Ottawa considers Alberta oil sands leak harmful to wildlife; issues order to stop pollution

Federal inspectors have ruled that the release of oil sands wastewater from Imperial Oil Ltd.’s Kearl mine is harmful to wildlife and ordered the company to take immediate action to stop the seepage from a tailings pond.

“Based on the information compliance officers have to date, the seepage is believed to be detrimental or harmful to fish,” Environment Canada spokeswoman Nicole Allen said in a statement.

“On March 10, 2023, law enforcement officers issued a Fish Act order to Imperial Oil. The order requires immediate action to contain the seepage and prevent it from entering a body of water with fish.” .

The leak from the Kearl site about 45 miles from Fort McMurray, Alta., was first noted in May, but neither Imperial nor the Alberta Energy Regulator kept local First Nations or provincial and federal environmental officials informed. . News of the leak broke on February 7 in an environmental protection order from the regulator, following another release of 5.3 million liters of tailings from a catchment pond at the site.

Federal officials have said that Alberta is required to report such leaks within 24 hours.

The realization that nine months had passed between the discovery of the original release and the public announcement sparked widespread anger from First Nations, who harvest on land near the site. Arthur Noskey, Grand Chief of the Treaty 8 First Nations, added his voice over the weekend.

“Identify the causes of the Imperial tailings breaches and find a solution immediately,” he wrote. “Imperial and Governments Must Contain Toxic Oil Sands Leaks”.

The Northwest Territories government said it should have been informed as well, given a bilateral agreement it has with Alberta over the shared basin.

Allen said the government instructions are tools used by the federal minister when there is an unauthorized release of a harmful substance into water frequented by fish or when there is a “serious and imminent danger of such an incident and immediate action is necessary.”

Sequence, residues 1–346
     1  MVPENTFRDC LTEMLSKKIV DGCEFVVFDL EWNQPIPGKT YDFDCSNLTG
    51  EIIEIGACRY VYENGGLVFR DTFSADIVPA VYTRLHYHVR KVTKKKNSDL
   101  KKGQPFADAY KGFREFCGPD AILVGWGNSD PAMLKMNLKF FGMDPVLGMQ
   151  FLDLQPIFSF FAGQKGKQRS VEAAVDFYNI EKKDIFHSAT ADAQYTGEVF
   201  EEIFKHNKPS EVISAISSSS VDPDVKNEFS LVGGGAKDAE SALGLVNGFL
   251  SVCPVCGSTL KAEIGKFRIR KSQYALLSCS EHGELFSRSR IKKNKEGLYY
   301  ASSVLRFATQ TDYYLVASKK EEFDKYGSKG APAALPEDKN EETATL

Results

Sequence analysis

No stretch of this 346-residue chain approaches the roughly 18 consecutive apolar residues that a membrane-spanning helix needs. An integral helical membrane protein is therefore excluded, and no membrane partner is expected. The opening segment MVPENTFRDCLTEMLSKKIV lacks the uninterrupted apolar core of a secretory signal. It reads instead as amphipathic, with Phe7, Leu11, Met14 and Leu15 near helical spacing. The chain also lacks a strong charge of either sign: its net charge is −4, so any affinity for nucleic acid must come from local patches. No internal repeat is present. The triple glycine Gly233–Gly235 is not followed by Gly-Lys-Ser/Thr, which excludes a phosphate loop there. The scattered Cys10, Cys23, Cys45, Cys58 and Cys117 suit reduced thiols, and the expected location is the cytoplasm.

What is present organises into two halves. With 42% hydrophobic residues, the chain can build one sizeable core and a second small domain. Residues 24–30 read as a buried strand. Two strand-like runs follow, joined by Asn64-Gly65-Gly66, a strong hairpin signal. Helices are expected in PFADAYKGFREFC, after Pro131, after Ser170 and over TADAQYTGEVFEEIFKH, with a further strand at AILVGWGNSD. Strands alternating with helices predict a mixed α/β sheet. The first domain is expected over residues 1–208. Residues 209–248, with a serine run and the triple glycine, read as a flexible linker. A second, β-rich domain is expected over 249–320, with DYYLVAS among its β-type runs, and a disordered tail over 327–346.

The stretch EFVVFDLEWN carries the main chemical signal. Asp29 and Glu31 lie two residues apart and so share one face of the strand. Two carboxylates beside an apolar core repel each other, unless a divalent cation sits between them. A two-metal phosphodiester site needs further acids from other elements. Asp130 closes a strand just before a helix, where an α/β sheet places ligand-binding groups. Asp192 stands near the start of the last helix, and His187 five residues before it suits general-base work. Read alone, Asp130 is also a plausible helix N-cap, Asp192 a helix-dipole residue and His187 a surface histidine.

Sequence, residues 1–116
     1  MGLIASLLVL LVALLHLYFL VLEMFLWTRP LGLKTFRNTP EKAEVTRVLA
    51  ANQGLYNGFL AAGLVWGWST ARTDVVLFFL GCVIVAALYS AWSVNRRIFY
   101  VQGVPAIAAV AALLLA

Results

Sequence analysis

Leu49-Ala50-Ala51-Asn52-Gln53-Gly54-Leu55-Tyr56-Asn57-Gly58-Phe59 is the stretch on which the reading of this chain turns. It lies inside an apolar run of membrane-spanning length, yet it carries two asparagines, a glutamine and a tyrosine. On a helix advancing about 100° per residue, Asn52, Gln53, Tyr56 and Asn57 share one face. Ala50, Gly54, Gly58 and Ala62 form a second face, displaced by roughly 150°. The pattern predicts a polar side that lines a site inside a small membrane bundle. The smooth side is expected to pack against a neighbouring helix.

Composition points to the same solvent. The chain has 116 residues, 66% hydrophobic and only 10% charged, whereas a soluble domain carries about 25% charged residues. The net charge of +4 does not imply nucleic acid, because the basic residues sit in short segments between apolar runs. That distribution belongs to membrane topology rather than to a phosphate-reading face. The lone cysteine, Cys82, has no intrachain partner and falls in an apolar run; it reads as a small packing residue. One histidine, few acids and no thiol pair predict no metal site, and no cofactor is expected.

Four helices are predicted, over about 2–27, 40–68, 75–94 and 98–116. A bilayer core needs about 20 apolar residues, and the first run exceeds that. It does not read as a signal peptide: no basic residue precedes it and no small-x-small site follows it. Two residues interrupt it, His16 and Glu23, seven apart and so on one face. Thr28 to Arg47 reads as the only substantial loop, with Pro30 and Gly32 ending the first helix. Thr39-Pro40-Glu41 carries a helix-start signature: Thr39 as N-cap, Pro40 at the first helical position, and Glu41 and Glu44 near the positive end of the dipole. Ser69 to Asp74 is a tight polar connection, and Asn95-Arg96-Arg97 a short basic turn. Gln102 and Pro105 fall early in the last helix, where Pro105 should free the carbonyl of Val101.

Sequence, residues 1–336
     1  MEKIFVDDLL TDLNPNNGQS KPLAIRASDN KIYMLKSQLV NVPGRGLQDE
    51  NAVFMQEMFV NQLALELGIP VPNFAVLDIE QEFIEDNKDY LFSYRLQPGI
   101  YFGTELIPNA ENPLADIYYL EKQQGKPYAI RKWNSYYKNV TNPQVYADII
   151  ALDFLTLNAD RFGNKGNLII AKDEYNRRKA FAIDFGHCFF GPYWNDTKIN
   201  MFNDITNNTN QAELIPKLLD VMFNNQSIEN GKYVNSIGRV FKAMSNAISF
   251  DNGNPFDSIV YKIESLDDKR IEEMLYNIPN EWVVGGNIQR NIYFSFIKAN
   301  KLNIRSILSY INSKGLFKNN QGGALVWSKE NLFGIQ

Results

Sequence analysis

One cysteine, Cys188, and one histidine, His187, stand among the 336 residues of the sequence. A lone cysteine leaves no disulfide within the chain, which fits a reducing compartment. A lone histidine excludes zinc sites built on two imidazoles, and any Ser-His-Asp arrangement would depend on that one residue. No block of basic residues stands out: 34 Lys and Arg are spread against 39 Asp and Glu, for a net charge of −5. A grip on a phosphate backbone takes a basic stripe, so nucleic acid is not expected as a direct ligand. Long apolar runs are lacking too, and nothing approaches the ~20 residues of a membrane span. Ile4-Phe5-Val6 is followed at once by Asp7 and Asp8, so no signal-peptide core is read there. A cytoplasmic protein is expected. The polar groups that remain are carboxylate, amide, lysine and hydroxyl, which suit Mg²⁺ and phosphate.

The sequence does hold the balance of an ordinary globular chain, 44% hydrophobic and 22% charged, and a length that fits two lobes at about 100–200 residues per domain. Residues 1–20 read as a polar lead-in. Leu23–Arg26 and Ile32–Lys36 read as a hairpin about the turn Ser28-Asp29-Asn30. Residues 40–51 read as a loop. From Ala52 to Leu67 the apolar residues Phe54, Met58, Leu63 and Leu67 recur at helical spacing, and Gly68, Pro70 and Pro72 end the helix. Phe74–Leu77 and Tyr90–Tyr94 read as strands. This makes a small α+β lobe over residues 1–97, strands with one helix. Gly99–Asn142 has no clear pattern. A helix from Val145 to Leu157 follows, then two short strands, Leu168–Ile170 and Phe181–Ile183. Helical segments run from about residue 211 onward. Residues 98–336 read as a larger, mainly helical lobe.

Imperial is complying, company spokeswoman Lisa Schmidt said in an email.

Ottawa considers Alberta oil sands leak harmful to wildlife; issues order to stop pollution. #abpoli #ableg #oilsands

“We are responding to instructions provided by ECCC officials following their visit to Imperial’s Kearl site last week and have installed surface water pumps in the area to prevent seepage from entering a fish-bearing water body.

“Monitoring to date in this waterbody indicates that there has been no change to baseline conditions. We plan to collect the fish from this waterbody as a precautionary measure and install a fish barrier to prevent migration.”

Alberta Premier Danielle Smith said there were no impacts to wildlife and drinking water was not compromised.

Environment Canada will continue to monitor the cleanup of the release, Allen said.

“Inspectors will return to the Kearl site in the coming days to assess the steps Imperial has taken to stop the seepage, which is occurring on land near two tributaries of the Athabasca River,” it said.

“Officers should remain on site to monitor the cleanup and gather more information to see if the Federal Fisheries Law has been violated.”

This report by The Canadian Press was first published on March 13, 2023.

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